That particular development, the turning away from the use of guns during the Tokugawa era, is the theme of the interesting study by Professor Noel Perrin, Giving Up the Gun. Readers who may have enjoyed that classic among Japanese movies, The Seven Samurai, will recall the great importance that was attached to the capture of one of the enemy’s guns; for the long muskets, originally a Portuguese import of the sixteenth century, could be used with devastating effect, rendering defenseless the bravest opponent armed only with sword, bow, or spear. The value of the musket was appreciated the moment the first Portuguese arquebus was seen on Japanese soil. This was in 1543, when a Chinese vessel anchored in the southern bay of the island of Tanegashima some twenty miles below Kyushu. Of the three Portuguese on board, two carried guns. When the local Daimyo saw one of the Portuguese take aim and shoot a duck, “the gun” (in Professor Perrin’s words) “enters Japanese history.”

There is a well-known story that this percipient baron bought the two guns, at an exorbitant price, and then ordered the best swordsmith on Tanegashima to make copies of them; but unfortunately this craftsman failed at first in his efforts to reproduce the breech spring mechanism. Accordingly he gave his seventeen-year-old daughter to the captain of a Portuguese ship that arrived some months later, in return for lessons in the gunsmith’s art from the ship’s armorer. It is a not unlikely story, given the climate of the times. Professor Perrin, however, feels unable to vouch for its truth.

At any rate, “Tanegashima” passed into the Japanese language, serving for many years as a virtual synonym of teppo, “gun.” Its use rapidly spread; and indeed the unification of Japan in the sixteenth century following several decades of civil war may be ascribed in part to the skillful employment of the weapon by those who emerged triumphant in the end. Thousands of soldiers were armed with Japanese-made muskets in these battles—more indeed than on the battlefields of Western Europe during the same period.

Professor Perrin’s thesis is that once domestic peace had been firmly secured, and the country set in the mold forged by the Tokugawa shogunate, there was a “reversion to the sword.” In other words, Japan turned away from firearms, the only nation ever to have done so. Indeed, the last occasion, until the nineteenth century, on which firearms were used in Japan was the Shimabara Rebellion of 1637 (a rising by Christian samurai in Kyushu). By the end of the seventeenth century, it seems, the art of the gunsmith in Japan was virtually extinct.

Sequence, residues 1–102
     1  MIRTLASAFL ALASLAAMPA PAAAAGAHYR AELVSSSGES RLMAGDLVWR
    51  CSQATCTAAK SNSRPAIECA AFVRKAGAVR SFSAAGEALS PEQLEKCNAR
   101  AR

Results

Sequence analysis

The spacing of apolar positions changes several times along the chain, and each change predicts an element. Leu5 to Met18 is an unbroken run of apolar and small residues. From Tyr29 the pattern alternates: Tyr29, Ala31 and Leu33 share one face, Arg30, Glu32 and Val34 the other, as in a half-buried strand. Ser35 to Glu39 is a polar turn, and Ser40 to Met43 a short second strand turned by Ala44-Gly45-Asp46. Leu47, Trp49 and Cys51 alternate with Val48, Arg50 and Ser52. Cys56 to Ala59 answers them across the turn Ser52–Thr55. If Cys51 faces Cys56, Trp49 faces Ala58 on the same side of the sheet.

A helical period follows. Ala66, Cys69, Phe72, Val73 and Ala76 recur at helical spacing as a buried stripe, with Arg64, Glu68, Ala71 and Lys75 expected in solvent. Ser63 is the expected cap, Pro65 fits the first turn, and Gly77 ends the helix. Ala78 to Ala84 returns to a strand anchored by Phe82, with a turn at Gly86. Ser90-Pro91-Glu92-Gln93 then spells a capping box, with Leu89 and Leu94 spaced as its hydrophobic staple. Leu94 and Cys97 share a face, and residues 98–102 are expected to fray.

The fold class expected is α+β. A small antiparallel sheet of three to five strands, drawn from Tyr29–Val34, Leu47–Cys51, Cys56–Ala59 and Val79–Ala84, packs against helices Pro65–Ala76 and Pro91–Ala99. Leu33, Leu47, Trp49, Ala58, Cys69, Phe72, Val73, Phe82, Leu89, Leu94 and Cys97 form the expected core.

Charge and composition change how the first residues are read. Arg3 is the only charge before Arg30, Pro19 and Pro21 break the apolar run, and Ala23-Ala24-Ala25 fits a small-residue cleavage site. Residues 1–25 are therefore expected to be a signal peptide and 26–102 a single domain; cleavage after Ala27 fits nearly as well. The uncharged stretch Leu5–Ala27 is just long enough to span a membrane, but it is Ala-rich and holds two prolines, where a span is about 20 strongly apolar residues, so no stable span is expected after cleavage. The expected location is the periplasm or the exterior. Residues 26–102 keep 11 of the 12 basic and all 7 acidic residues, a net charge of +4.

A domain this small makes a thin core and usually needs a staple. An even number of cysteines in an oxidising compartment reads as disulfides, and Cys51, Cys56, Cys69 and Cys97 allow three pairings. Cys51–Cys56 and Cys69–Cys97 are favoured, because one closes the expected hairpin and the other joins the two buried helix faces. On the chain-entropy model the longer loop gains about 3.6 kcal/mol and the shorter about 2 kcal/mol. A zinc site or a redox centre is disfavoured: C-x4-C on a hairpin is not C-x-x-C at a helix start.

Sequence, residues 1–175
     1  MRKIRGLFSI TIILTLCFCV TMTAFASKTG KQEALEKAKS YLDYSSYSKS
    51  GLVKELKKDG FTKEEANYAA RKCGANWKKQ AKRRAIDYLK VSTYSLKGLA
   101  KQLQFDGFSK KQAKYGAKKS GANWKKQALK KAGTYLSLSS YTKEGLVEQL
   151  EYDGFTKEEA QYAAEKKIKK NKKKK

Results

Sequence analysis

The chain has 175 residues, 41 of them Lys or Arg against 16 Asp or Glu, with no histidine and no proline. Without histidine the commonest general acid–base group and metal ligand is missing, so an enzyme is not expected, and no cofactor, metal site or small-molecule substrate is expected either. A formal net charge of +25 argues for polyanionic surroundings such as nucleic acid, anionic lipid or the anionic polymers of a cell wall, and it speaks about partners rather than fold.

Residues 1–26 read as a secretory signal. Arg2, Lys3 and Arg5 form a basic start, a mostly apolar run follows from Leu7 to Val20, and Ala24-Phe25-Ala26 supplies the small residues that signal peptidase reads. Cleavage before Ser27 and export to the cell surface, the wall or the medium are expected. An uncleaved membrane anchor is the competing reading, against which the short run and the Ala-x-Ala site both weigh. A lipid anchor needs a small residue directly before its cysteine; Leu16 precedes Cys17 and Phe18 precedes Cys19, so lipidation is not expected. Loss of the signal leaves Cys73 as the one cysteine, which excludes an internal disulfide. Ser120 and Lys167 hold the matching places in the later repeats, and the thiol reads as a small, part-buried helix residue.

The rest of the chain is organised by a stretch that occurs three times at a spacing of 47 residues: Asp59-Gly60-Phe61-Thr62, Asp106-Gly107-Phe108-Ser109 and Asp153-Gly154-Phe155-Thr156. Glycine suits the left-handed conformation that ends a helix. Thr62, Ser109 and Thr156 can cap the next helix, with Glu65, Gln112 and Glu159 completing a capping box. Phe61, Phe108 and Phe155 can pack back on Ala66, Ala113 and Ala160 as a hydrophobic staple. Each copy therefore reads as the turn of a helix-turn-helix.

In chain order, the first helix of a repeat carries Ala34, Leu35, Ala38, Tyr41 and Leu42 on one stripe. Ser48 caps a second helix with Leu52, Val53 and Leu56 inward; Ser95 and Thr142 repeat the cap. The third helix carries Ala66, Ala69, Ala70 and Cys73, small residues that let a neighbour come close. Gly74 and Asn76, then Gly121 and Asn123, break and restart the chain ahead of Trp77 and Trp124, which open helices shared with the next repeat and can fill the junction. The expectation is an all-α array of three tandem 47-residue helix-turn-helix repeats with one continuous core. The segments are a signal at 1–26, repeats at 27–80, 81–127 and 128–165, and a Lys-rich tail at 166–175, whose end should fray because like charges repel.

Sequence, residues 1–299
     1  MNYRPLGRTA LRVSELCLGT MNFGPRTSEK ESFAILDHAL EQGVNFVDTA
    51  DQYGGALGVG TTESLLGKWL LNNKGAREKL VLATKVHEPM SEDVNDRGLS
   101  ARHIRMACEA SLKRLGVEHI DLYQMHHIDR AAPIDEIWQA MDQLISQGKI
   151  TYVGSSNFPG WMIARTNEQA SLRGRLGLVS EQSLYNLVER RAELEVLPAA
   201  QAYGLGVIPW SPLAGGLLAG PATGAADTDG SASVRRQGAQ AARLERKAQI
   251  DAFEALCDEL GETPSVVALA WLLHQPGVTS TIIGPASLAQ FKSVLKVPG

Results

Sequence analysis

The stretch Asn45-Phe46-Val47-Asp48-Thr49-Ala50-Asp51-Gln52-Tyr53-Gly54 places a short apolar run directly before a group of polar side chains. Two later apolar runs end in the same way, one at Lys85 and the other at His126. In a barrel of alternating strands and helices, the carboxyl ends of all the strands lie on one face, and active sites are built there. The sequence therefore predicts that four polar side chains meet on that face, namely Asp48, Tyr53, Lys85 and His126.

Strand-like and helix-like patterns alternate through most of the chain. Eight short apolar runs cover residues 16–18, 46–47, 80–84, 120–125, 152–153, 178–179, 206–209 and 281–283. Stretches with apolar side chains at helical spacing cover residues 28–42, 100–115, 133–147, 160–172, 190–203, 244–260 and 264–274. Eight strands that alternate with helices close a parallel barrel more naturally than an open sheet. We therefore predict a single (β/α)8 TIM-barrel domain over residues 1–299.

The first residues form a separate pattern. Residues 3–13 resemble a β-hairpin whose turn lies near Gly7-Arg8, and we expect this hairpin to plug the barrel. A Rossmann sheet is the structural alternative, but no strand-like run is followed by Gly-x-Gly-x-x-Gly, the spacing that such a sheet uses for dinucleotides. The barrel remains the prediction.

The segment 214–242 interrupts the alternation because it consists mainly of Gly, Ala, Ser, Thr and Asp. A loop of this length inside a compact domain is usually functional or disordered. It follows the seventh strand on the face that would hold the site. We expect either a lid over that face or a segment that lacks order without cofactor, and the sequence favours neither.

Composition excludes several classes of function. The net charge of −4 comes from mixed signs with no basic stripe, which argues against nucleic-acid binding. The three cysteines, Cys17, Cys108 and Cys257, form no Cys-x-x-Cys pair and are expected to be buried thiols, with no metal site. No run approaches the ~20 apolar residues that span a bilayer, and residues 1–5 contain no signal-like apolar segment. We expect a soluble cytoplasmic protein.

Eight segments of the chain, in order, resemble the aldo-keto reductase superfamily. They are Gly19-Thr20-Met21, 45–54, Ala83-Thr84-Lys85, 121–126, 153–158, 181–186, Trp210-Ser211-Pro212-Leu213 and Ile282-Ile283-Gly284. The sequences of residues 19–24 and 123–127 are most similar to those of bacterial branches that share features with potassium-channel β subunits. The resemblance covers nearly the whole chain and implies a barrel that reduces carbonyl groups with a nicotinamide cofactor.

Generations of peace, national isolation, together perhaps with a feeling that “firearms were getting out of hand,” were good reasons for “giving up the gun.” Professor Perrin makes a great deal of this turning back of technology; and he concludes his study with the claim that the Japanese experience proves two things:

First, that a no-growth economy is perfectly compatible with prosperous and civilized life. And second, that human beings are less the passive victims of their own knowledge and skills than most men in the West suppose.

This is certainly a new way of looking at the world of the warrior in Tokugawa Japan, and one that must greatly appeal to ecologists, “Friends of the Earth,” and others who question technological advance.

But a “turning back of technology” in Japan also occurred about thirty years ago, with the introduction of the postwar constitution. For if Article 9 of that document means anything it implies a permanent refusal to equip the nation with the sophisticated instruments of war thought desirable, if not essential, by the great powers of the world. In this sense one might say that the 1946 constitution carries a message of hope for humanity; and this is something in which the Japanese can take pride.

The changes in Japan during the last three hundred years offer a strange but impressive spectacle: from chronic domestic warfare to prolonged peace; and then from peace rudely shattered by the outside world to war again, nearly all of it on foreign soil; finally back to peace again. Throughout the greater part of that period the center of the stage is occupied by the samurai, even if he has occasionally to share it, so far as the arts are concerned, with representatives of other classes. Administrator, poet, sage, and fighting man—the samurai is all these, becoming, as the modern era dawns, policeman, politician, banker, teacher, rebel, and ricksha-man. By contrast with much else that has been written, the three books under review illuminate the glories and miseries of a gentleman’s life in old and not-so-old Japan, a life that is bound to remain contradictory and puzzling to most readers in the West.

This Issue

October 11, 1979